Particularly on account of the entry of the computer metaphor into this domain of knowledge I can’t escape the feeling that neuroscience is just a load of old rubbish churned up in capital’s unending drive to control and pacify bodies for work. It gives me the heebiejeebies

sometimes explode
Oct 5 2013 12:55

Really interesting reply. I've been working on answers to these questions on other blogs and in a few papers. First though, I'd say that this might not be the place to concentrate on answering thee questions. The intention here is to be as accessible as possible and these concerns are ones where I can't help but become less than that..not least because we suddenly need to include neurophenomenology, E4A cognitive science, and so on.

As an initial response, I completely reject either materialist reductionism or any of the varieties of Cartesian dualism that constantly return. Psychiatry is riddled with such dualism, takes it as its foundational decision (there might be a path for a non-psychiatry here in the same way that Laurelle's work on non-(standard) philosophy has developed.

Ontologically, I begin from the Stoics. Their corporealist physics offers the basis for a non-reductive way to talk about bodies as that which exists that doesn't reject incorporeal things (such as mind) without reifying them or boiling one into the other. From their the obvious move is through Deleuze in his treatment of corporeals as actuals and incorporeals as virtualities..this language and ontology helps to clarify things but I prefer to retain the Stoic terms simply because of their emphasis on the embodiedness of all existing entities. This emphasis of then proceeds through a strange mixture of phenomenology (specifcially, Merleau-Ponty) onticology/machine-oriented ontology, the work of Stacey Alaimo and- when it comes to humans- a little of Ernest Becker and Otto Rank's corporeal-existential psychoanalysis. These are also set into machinic connection with the concepts of Umwelt, as well as choreographic concepts of autopoesis and/or metabolic conjunctions of specific bodies with other bodies and their environments in order to trace how these umwelts emerge. The question of the umwelt is grounded empirically in the work of extended, embodied, affective cognition and the neurophenomenology of dynamic action-perception systems.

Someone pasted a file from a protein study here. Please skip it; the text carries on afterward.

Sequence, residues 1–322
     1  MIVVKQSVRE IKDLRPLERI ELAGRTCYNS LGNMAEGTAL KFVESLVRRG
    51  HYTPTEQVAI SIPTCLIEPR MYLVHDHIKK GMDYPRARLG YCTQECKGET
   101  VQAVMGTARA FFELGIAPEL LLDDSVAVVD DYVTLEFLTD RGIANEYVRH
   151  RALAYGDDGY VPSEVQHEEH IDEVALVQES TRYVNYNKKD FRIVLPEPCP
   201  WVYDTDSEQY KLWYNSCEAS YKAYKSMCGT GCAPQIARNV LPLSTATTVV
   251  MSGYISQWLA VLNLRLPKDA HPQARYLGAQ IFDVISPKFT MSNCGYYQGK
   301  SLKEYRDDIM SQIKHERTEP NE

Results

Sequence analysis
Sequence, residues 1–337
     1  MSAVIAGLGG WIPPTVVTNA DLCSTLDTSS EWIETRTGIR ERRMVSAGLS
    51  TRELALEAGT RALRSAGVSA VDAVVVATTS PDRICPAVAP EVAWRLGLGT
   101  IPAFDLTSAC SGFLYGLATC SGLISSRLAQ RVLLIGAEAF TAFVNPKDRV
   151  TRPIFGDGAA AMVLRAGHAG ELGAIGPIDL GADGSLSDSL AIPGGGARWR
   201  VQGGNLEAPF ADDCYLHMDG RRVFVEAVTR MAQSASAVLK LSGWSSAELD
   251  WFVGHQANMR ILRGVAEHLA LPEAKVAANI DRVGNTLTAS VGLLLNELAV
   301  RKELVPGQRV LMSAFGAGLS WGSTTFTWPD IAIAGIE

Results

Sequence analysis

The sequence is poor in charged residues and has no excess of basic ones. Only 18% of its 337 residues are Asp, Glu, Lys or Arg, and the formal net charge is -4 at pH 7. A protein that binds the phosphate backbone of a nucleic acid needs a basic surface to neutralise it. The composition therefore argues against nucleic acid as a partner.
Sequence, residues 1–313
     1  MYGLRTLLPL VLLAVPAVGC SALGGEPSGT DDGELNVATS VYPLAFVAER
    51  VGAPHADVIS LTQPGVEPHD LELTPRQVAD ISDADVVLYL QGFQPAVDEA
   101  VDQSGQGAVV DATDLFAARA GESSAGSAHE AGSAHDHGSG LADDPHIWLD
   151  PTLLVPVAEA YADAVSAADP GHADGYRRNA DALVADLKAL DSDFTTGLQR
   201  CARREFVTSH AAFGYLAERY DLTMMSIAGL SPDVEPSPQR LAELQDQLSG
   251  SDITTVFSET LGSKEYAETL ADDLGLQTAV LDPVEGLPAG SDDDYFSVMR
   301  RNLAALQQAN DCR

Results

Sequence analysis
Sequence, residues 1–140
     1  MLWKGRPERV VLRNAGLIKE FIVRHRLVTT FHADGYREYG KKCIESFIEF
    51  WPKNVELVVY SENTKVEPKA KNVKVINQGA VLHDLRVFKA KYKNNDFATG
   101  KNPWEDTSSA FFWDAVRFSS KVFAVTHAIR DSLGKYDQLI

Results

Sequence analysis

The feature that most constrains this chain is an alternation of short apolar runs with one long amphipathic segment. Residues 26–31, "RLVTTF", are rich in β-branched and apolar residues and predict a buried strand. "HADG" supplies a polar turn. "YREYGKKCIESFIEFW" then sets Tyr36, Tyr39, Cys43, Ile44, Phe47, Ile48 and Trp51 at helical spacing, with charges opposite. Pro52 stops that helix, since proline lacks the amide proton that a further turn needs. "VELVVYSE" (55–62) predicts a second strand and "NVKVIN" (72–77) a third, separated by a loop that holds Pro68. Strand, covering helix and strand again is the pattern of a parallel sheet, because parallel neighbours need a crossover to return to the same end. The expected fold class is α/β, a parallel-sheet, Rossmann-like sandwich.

All of this comes down to a particular body being a kind of ensemble of other bodies, making up an ensemble that is a larger body, so that "body" is to be understood as an assemblage. This assemblage (a la Delanda, but not quite) is coupled with other bodies and the world in its capacity to act, to have actions and to limit the actions of others. For bodies that have perceptual systems this is can be augmented to a theory close to the JJ Gibson theory of affordances: what shows up in a body's perceptual system isn't surfaces and lines, colours and sound, textures and scents, but only those ones that are significantly important to increasing or diminishing that bodies capacity to act (this is also linked to a theory of post-nihilist praxis). Eventually, I return both to the Stoics and to Merleau-Ponty in their respective ideas of weave and flesh.

This need mighty unpacking but this isn't really the place for it, or at least not yet. The question of memory might be along the lines of memory existing as an incorporeal subsistence or virtual capacity of the body that operates as an immanent organisational "logos" in specific neural circuits, communicating with wider cns systems and (by extension) the environment. Memory isn't "in" the brain in that sense but is a circulating set of rules for material morphology. Alzheimer's disease, that dementia that involves slow morphological changes, would destroy the memories not by deleting them but because it reorganises the materiality of brain structures; this renders the operation of the perceptual-action system of the human being as different, new priorities emerge while other are displaced and this reinforces the redistribution of memory. In this kind of picture, its not that memory is in your brain or DNA but that it would necessarily be distributed across your fleshly systems and the world that shows up for your body's material hermeneutics of its environment.